Role of Government in Business

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States frequently create various regulations and rules that dictate how business is carried out in their territories. Large and small companies must alter how they run their operations because of shifts in federal policies. Business regulations, as well as government policies, have a notable impact on both profitability of organizations and also their competitiveness. Yet, business owners and managers must adhere to the existing regulations and guidelines at all levels. The important way the governments influence the market environment is by establishing monetary and fiscal policies. By controlling and monitoring the interest rates, the government can ensure that funds for capital investments and loans are available to businesses. However, this type of control indirectly influences unemployment and inflation rates. Governments also have the ability to exercise direct control on businesses through the application of quotas and tariffs on both imports and exports. Quotas are created to either increase or lower the quantities of specific products leaving or entering the country, which either reduces or increases competition in certain industries. The lowering and increasing of tariffs enable the government to control certain industries by making it more expensive or less capital intensive for business to trade in foreign products (Beach & Jones, 2016, p. 295). New regulations and policies enacted by government also influence business operations. Government policies restrict or hinder the operations of businesses, which has a negative impact on profitability. Government policies also make it difficult or easy for new organizations and businesses to enter into various industries.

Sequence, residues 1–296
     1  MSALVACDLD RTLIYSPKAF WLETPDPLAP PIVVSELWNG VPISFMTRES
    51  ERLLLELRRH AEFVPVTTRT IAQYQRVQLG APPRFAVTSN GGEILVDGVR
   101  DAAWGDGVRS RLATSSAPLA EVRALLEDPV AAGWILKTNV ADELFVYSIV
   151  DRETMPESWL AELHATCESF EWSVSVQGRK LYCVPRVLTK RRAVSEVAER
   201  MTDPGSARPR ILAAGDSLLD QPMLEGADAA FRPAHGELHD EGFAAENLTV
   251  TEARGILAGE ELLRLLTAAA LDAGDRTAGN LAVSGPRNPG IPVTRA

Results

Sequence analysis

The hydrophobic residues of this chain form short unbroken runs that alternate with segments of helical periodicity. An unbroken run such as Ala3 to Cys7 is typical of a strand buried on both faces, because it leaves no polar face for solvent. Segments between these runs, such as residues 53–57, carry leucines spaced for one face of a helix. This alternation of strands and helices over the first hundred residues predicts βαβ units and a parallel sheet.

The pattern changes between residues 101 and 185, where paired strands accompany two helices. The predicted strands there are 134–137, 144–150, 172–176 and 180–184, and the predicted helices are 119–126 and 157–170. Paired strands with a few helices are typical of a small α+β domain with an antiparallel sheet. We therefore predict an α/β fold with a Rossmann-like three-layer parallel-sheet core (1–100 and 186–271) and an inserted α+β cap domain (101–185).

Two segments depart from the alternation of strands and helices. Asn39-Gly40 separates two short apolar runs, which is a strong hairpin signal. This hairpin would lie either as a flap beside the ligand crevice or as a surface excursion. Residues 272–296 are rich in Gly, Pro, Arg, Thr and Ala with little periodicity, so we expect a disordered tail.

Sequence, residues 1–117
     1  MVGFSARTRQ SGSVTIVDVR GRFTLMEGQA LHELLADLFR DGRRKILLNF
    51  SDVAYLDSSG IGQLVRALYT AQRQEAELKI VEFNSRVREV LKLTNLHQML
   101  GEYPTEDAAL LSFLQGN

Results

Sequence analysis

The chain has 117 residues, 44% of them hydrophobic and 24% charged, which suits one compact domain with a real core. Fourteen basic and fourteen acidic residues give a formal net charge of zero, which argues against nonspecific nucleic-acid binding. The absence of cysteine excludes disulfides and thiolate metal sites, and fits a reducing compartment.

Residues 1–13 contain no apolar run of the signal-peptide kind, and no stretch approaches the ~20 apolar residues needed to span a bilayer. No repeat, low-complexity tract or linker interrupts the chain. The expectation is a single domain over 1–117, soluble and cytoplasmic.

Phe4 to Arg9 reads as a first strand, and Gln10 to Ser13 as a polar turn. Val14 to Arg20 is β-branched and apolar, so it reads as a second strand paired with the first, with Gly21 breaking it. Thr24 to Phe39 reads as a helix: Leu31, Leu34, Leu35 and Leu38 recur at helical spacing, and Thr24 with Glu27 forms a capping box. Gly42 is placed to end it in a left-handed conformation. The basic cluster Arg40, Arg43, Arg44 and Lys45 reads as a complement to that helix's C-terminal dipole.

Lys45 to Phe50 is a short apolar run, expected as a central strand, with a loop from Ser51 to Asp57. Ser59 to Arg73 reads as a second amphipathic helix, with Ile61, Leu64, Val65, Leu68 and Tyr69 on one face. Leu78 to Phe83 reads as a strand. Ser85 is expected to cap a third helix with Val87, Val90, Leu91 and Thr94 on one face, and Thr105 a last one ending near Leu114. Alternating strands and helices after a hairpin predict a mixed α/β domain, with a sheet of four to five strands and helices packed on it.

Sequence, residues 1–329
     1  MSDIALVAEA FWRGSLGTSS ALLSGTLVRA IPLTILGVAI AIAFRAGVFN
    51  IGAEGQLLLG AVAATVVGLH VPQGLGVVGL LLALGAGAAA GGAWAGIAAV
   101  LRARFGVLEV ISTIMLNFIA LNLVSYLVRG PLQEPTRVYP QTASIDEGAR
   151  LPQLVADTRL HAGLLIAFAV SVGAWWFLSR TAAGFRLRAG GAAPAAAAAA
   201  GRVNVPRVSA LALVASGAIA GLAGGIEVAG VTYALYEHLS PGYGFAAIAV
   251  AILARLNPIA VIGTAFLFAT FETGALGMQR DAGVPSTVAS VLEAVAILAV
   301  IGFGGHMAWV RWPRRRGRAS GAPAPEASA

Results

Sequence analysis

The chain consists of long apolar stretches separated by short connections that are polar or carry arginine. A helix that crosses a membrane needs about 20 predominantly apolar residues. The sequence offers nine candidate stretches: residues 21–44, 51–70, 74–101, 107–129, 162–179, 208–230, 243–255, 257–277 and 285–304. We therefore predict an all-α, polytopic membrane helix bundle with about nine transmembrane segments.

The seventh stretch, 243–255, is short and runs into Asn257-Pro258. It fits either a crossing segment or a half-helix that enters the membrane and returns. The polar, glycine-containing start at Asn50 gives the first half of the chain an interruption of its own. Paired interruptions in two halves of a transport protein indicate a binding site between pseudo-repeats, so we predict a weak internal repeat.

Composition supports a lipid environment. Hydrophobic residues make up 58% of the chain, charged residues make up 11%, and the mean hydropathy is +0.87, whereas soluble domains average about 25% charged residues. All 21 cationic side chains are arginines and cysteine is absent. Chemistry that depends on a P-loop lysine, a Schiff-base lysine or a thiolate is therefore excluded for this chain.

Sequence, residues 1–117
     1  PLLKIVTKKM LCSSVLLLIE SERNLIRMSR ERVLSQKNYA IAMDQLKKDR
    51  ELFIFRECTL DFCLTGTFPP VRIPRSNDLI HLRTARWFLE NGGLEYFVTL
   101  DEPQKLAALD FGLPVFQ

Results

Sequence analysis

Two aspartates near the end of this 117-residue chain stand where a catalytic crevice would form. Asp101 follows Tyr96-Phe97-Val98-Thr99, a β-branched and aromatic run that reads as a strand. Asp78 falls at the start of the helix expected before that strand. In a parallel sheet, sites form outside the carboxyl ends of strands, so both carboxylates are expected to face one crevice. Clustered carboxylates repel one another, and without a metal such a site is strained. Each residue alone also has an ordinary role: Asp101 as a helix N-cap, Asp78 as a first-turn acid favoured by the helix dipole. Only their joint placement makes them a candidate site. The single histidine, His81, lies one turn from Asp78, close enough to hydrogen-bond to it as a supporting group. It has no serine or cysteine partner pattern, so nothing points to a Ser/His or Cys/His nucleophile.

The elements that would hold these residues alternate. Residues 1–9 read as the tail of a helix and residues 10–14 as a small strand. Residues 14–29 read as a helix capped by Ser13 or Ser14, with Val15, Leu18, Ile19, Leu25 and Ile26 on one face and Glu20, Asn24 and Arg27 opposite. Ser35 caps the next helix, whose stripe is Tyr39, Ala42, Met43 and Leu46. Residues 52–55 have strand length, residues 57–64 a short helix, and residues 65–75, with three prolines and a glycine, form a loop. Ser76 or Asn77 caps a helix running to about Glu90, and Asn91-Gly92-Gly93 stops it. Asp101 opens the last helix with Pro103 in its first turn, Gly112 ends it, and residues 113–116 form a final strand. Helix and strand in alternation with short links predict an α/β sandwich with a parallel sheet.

How does government activity affect businesses?

Occasionally, government policies often result in changes in how businesses behave socially. For instance, the taxation of carbon-based fuels and the granting of subsidies for organizations that make use of renewable energy have a significant on how different businesses operate. Governments also have the ability and power to underwrite the development of modern technology to influence change in the social environment of most businesses. The levying of more taxes on a particular sector than what is required often leads to lack of interest among potential investors. Moreover, tax and duty exemptions in certain sectors could trigger increased investment and growth (Jiun-Shiu & Lovvorn, 2012, p. 58-60). For instance, levying high taxes and duties on imported products could result in increased domestic production of the same item. However, high duties and taxes on the importation of raw materials could hamper domestic production.